Re: Long Menus issue (Was: Re:NeXTGtk ?)

On Mon, 1 Jun 1998, Ben 'The Con Man' Kahn wrote:
> On Mon, 1 Jun 1998, Gleef wrote:
> > I have seen many programs made very difficult to use by poor menu design.
> > The "solutions" above will give poor menu designers tools to make the
> > menus worse, while giving good designers no advantage.  I would rather not
> > see "Long Menu" solutions until someone poses a good "Long Menu" problem
> > that would not better be fixed by other means.
> 	Alright...  You didn't quite understand the problem.  X Windows is
> device independant.  Why is that significant?  Well...  I'll use an
> example:  VNC has just been ported to the pilot.  That means you can view
> and use XWindows products on that tiny little screen.  (See where I'm
> going here?)  NOT EVERYONE HAS *EVEN* a 640x480 screen!  Any application
> we create will have to recognize the hostile places it can be run in.

I think I understood the problem as presented, since the examples given
were along the lines of "xfontsel menus are taller than the screen" and
"what if we need a menu of the fifty states".  What you have here is a
different and valid problem that needs to be addressed.

> 	This discussion is NOT about how to handle a growing list of
> fonts....  That's easy to fix -- just look at the GOOD solutions of
> others.  (Look at WordPerfect...  They use a list of the most recently
> used fonts in a popup list box with other fonts listed in alphabetical
> order underneath.) 

Good, the last discussion seemed to be about that, I'd much rather talk
about something substantive.

> 	So!  Lets work on finding working solutions for times when the
> menu is bigger than the screen.  We can put a note in the style guide
> about menu size if it makes people happier.  But this is a problem we need
> to find a solution for.
> 						-Ben

The more detailed the style guide is, the happier I would be.

Now, to business...

I can't seem to find the exact size of the Pilot screen, but I know it's
not big, and I'm pretty sure it is taller than it is wide.  Therefore to
support Pilot screens, the extra column solution won't work at all.  The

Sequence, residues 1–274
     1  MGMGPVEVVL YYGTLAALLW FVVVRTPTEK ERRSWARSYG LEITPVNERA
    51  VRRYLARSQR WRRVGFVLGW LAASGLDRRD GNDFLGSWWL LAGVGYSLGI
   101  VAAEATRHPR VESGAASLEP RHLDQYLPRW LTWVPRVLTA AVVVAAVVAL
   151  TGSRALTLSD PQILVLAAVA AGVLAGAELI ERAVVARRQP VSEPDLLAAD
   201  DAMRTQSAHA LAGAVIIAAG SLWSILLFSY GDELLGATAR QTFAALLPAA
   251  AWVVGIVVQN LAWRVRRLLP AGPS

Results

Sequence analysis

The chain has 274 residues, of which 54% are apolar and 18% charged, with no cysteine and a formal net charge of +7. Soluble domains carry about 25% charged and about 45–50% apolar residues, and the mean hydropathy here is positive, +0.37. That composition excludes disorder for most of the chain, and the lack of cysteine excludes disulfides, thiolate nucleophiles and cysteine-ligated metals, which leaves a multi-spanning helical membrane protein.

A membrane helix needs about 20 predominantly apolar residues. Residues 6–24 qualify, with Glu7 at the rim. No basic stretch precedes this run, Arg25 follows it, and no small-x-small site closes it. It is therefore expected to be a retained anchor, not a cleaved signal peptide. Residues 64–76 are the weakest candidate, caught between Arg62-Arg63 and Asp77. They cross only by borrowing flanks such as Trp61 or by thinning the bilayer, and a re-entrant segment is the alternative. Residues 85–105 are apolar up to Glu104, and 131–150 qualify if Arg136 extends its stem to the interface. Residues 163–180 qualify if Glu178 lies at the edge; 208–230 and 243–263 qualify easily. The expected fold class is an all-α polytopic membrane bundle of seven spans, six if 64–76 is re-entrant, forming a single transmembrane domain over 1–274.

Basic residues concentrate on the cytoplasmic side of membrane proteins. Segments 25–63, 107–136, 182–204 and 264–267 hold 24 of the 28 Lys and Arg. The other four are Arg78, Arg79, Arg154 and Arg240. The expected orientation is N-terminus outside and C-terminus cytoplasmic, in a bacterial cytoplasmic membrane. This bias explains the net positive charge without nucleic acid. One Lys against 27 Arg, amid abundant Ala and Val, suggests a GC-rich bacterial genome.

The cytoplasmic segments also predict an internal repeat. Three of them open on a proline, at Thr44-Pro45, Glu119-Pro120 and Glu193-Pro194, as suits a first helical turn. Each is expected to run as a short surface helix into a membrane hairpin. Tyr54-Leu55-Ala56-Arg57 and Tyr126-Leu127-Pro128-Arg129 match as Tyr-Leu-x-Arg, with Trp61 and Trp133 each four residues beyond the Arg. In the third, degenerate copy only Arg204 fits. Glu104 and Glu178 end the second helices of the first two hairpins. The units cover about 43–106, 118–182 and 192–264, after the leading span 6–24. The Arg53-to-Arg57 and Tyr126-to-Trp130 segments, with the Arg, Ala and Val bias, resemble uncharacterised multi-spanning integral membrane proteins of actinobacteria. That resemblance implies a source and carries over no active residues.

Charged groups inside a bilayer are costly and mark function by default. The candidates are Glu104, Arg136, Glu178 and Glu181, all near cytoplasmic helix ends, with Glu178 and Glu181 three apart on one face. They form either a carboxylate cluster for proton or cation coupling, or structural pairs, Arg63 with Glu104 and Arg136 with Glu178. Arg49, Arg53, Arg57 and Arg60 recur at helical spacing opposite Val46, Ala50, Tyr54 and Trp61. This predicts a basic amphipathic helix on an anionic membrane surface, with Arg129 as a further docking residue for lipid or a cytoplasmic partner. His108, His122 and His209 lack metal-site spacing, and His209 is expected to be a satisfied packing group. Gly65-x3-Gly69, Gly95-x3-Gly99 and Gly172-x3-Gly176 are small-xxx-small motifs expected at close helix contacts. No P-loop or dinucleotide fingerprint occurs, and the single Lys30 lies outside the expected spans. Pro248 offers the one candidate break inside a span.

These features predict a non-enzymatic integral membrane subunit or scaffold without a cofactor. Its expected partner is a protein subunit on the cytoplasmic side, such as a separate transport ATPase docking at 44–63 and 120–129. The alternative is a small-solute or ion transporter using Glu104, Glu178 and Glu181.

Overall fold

dot resolution isn't very good, so we wouldn't have much flexibility with
fonts.  I am not sure if the Linux/Pilot developers are setting it up with
a virtual desktop larger than the screen (IMHO the best solution), but we
cannot assume that we will always have this luxury.

If we do want to support PDA Screen-sized GNOME, we have a lot more to
consider than just the menus, although the menus have to be part of the
solution.  GTK puts a lot of whitespace into dialog boxes, this would not
work properly on a PDA Screen.  I'm pretty sure the stock Yes/No box that
many applications use is wider than a PDA screen.  We would also need a
reduced height panel, the current one would overwhelm a PDA screen.

On a desktop implimentation, we want the whitespace that GTK puts in, on a
PDA we would need to minimize whitespace while still keeping things
readable and looking close to the desktop version.  Therefore, we would  
want GNOME/GTK looking two different ways for different environments.
They should look close, the functions should be analagous and easy to
learn, but if we try to impose the current GTK look and feel as it stands
on a PDA, things will be too large.  If we try to impose PDA design on
GNOME as a whole, we won't make desktop users happy.

Now, I see two ways to get GTK to look two different ways.  First, and
easiest is to use themes.  I do not know if themes as currently envisioned
would be flexible enough to do things like change menu functionality,
dialog box layout, etc.

The other, more radical method would be for someone to write GTK+PDA and
GNOME+PDA. A set of libraries, binary compatible with GTK+ and GNOMEUI,
which would display widgets in a more PDA friendly manner.  The stock
buttons would be smaller, stock dialogs would be set up differently.
Dialogs might follow the PalmOS standard of being the full screen
width on the bottom of the screen.  With this, long menus could use
whatever technique seems to work best by the PDA developers, personally,
given the hardware restrictions, I would suspect scrolling menus would be
least objectionable.

This could work, if people are interested in putting the time and the
hardware into it.  The PalmPilot simulator I've seen screenshots of might
help this effort.  Just remember, to get something looking good on a PDA,
you need to address more than just the menu layout.


> ------------------------------------ |\      _,,,--,,_  ,) ----------
> Benjamin Kahn                        /,`.-'`'   -,  ;-;;'
> (212) 924 - 2220                    |,4-  ) )-,_ ) /\
> --------------- '---''(_/--' (_/-' ---------------
>  If you love something, write it in C; if it compiles, it is yours; 
>                      if it doesn't, it never was. 
PS: I love your .signature file. :-)

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